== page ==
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Weld County is updating the 2016 Multi-Jurisdictional Hazard Mitigation Plan in collaboration with local municipalities, fire departments, school districts, and other community organizations. This plan is designed to reduce the risks posed by hazards that affect our county and must be updated and approved by FEMA every five years to keep it current and to maintain eligibility for certain types of disaster assistance. Hazard mitigation planning helps residents, business owners, elected officials, and municipal departments think through how to plan, design, build, and establish partnerships for risk reduction.

DID YOU KNOW? Mitigation is an investment in a community’s future safety and sustainability. Recent cost-benefit studies have proven mitigation to be cost effective for communities, with mitigation projects returning $6 for every $1 spent. Mitigation planning helps communities take action now, before a disaster, to reduce impacts when a disaster occurs.

What is hazard mitigation?

The term “Hazard Mitigation” describes actions that can help reduce or eliminate long-term risks caused by hazards, such as floods, wildfires, tornadoes, and earthquakes. Hazard mitigation is best accomplished when based on a comprehensive, long-term plan developed before a disaster strikes.

As the costs of disaster impacts continue to rise, governments and citizens must find ways to reduce hazard risks to our communities. Oftentimes after disasters, repairs and reconstruction are often completed in such a way as to simply restore damaged property to pre-disaster conditions. These efforts may “get things back to normal,” but the replication of pre-disaster conditions often results in a repetitive cycle of damage, reconstruction, and repeated damage. Hazard mitigation breaks this repetitive cycle by producing less vulnerable conditions through pre- and post- disaster repairs and reconstruction. The implementation of such hazard mitigation actions now by state and local governments means building stronger, safer, and smarter communities that will be able to reduce future injuries and damages.

Why is hazard mitigation important for counties and municipalities?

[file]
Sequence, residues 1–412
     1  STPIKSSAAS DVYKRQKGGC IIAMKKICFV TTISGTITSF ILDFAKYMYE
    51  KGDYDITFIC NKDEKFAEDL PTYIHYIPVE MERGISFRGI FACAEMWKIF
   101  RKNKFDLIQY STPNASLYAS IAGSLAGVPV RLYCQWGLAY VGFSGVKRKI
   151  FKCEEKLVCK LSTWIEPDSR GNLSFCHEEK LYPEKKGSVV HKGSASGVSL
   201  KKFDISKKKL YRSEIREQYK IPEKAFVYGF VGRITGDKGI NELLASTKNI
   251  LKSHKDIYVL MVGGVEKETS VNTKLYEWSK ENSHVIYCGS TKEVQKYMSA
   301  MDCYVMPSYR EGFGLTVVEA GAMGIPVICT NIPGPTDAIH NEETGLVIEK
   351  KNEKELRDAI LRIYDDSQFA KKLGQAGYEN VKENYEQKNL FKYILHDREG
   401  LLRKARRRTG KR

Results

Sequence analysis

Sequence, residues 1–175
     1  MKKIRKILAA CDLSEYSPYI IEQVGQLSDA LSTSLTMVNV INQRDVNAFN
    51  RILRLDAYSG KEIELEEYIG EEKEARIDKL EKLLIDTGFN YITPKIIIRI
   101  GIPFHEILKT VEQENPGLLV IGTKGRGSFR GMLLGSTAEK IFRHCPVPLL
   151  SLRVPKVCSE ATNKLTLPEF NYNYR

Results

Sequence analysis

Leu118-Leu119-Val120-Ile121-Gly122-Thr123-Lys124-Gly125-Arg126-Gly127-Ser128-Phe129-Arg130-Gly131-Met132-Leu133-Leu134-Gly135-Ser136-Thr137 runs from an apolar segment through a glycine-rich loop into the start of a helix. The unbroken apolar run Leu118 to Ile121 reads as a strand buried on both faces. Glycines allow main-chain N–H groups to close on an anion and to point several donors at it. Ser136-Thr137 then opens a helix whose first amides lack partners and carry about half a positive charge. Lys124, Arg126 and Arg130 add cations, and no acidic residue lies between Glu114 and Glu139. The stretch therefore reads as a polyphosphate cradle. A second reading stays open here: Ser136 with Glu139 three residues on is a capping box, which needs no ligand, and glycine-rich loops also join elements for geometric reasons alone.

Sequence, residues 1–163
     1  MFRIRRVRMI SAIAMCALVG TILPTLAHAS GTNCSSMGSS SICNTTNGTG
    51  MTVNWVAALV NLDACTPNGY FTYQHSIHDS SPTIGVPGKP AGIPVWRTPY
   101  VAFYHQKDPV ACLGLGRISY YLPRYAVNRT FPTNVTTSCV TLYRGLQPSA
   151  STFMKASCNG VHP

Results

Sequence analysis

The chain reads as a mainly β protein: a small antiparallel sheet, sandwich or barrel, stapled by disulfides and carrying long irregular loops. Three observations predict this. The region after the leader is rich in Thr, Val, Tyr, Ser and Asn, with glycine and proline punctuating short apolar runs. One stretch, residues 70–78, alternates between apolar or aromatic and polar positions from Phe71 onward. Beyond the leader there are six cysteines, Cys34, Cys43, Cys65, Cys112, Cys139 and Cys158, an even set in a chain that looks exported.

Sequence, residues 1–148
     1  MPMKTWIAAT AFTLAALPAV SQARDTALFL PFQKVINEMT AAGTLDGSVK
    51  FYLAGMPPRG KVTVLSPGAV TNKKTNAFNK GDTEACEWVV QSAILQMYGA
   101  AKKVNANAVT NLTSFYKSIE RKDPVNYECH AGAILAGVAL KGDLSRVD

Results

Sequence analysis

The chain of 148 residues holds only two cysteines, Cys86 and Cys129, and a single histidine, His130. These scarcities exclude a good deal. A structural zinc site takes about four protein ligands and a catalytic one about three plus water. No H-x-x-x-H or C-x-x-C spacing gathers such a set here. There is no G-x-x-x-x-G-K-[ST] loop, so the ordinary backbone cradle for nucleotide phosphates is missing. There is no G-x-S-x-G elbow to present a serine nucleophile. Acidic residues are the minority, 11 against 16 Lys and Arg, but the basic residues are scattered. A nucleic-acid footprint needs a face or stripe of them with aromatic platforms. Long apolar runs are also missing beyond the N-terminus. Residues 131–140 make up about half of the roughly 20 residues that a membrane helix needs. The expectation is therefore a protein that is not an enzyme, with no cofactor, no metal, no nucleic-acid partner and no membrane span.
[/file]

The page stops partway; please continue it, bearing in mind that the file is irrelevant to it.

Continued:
• Protect public safety and prevent loss of life and injury.
  • Reduce harm to existing and future development.
  • Maintain community continuity and strengthen the social connections that are essential for recovery.
  • Prevent damage to your community’s unique economic, cultural, and environmental assets.
  • Minimize operational downtime and accelerate recovery of government and business after disasters.
  • Reduce the costs of disaster response and recovery and the exposure to risk for first responders.
  • Help accomplish other community objectives, such as capital improvements, infrastructure protection, open space preservation, and economic resiliency.
How do Weld County and its jurisdictions benefit from this type of planning?
  • Ensuring eligibility for all sources of hazard mitigation funds made available through FEMA.
  • Increasing public awareness and understanding of vulnerabilities as well as support for specific actions to reduce losses from future disasters.
  • Ensuring community policies, programs, and goals are compatible with reducing vulnerability to all hazards and identifying those that are incompatible.
  • Building partnerships with diverse stakeholders, increasing opportunities to leverage data and resources in reducing workloads, as well as achieving shared community objectives.
  • Expanding the understanding of potential risk reduction measures to include: local plans and regulations; structure and infrastructure projects; natural systems protection; education and awareness programs; and other tools.
  • Informing the development, prioritization, and implementation of mitigation projects. Benefits accrue over the life of these projects as losses are avoided from each subsequent hazard event.
How can I get involved?

Residents, organizations, and businesses are encouraged to contribute to the planning process. Over the next few months, the county and its jurisdictions will reach out to the public to provide input on hazards and their mitigation.

Take our survey! What hazards do you think the County should focus on? Your input is important to developing an actionable plan, and there will be several opportunities for public input. The updated plan is anticipated to be ready for public review in November, with multiple opportunities for community involvement.

Click here to take our survey


Interested in reviewing the 2016 plan includes?  Read Hazard Mitigation Plan


Contact Information

Office of Emergency Management

Mailing Address:
P.O. Box 758
Greeley, CO 80632

Phone: (970) 304-6540
Toll Free: (800) 436-9276 x 3809
Fax: (970) 336-7242


Denise Bradshaw
Emergency Management Coordinator

Email: dbradshaw@weldgov.com